Paul Mezey

Paul Mezey

Paul Mezey Quick Links

Film RSS

Sugar Review


Very Good
Part of an emerging pack of would-be American neo-realists, Ryan Fleck and Anna Boden find themselves with one of the most intrinsically American emigration stories never told in their sophomore effort Sugar. From his home in San Pedro De Macoris to a competitive single-A baseball affiliate in Bridgetown, Iowa, Miguel Santos (Algenis Perez Soto), also known as Sugar, finds himself part of an all-too-poorly documented class of citizens picked out of small villages throughout the Dominican Republic -- not to mention Cuba, Mexico, Puerto Rico, and Chile -- who are promised the American Dream in return for bolstering the American pastime.

Initially feeling more like a study in cultural assimilation in the style of compatriot Ramin Bahrani than their hard-nosed drug-drama debut Half Nelson, Sugar ends up being remarkably singular in its focus. In the Dominican ghettos, Sugar is considered a hero when he comes home from the baseball academy where he spends his weeks honing a rocket launcher of a pitching arm. When he is asked to the Bridgetown affiliate, nicknamed The Swing, his only connection to his home is an old friend (Rayniel Rufino) who was pulled out of San Pedro as well but who hasn't been called up thanks to a chronic ailment. Perez Soto, whose angular figure and penetrating gaze make him a hypnotic presence, appears in almost every frame.

Continue reading: Sugar Review

Our Song Review


OK
Our Song never struck me as being the greatest title for a movie. It brings to mind some weepy tearjerker with an A-list diva/actress dying of terminal cancer while her nursemaid looks on, wiping away a brittle tear. Rest assured, this movie is far more substantial than the banal Hollywood weepie. Jim McKay's indie follow-up to Girls Town is another socially aware portrait of adolescence over a long, hot summer in Crown Heights, Brooklyn.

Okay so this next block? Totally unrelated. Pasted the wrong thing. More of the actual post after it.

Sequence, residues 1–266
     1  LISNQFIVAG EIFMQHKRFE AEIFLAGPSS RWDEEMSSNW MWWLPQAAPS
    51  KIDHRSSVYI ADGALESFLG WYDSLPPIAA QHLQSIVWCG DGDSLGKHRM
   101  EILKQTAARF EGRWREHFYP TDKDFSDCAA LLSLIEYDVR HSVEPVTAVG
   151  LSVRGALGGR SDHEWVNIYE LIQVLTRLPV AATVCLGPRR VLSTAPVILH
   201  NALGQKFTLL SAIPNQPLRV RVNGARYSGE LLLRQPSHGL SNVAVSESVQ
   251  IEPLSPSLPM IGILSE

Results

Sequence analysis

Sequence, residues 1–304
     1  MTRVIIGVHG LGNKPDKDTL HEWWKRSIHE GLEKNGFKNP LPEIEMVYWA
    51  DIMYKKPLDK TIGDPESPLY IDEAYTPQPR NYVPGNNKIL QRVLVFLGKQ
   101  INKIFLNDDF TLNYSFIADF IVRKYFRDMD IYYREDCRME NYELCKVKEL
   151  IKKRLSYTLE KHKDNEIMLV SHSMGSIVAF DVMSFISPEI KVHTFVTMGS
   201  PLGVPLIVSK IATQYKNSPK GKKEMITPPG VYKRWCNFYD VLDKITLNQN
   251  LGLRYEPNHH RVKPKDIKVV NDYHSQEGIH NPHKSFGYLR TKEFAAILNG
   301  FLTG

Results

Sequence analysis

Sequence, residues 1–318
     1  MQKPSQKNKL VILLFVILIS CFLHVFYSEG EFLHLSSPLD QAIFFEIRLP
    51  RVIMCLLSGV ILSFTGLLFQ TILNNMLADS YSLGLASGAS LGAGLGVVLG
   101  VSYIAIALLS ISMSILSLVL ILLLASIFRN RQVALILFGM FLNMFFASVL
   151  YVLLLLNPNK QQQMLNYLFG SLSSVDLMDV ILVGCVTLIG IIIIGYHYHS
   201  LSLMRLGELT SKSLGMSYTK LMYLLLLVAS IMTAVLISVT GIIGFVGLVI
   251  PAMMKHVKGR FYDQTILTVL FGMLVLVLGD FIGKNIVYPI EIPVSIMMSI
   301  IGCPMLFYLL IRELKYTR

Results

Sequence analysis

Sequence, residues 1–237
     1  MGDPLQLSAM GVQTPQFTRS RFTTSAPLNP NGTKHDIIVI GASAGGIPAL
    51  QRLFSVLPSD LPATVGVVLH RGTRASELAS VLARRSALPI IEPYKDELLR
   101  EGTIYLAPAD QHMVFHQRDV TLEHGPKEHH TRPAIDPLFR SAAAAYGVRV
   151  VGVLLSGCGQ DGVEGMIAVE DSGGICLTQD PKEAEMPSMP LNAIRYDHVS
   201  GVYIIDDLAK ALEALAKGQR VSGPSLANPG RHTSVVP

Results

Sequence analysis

Three close friends, Lanisha (Kerry Washington), Maria (Melissa Martinez) and Jocelyn (Anna Simpson), listen to their favorite song on the radio ("Ooh, child... things are gonna get easier... we'll walk in the rays of a beautiful sun") and wonder what the future has in store. As they go through their routines of shoplifting, flirting, grabbing a slice, or making plans to catch a movie, their relationships inevitably change as young friendships always do. McKay is well serviced by superb cinematographer Jim Denault (Boys Don't Cry), who knows how to frame subtle moments with unobtrusive grace.

Continue reading: Our Song Review

Paul Mezey

Paul Mezey Quick Links

Film RSS
Advertisement

Occupation

Actor


Advertisement
Tom Cruise Comes Back From The Dead In 'The Mummy'

Tom Cruise Comes Back From The Dead In 'The Mummy'

New trailer gives a glimpse into this 2017 re-boot.

Advertisement

Paul Mezey Movies

Our Song Movie Review

Our Song Movie Review

Our Song never struck me as being the greatest title for a movie. It...

Artists
Actors
    Filmmakers
      Artists
      Bands
        Musicians
          Artists
          Celebrities
             
              Artists
              Interviews
                musicians & bands in the news
                  actors & filmmakers in the news
                    celebrities in the news

                      Go Back in Time using our News archive to see what happened on a particular day in the past.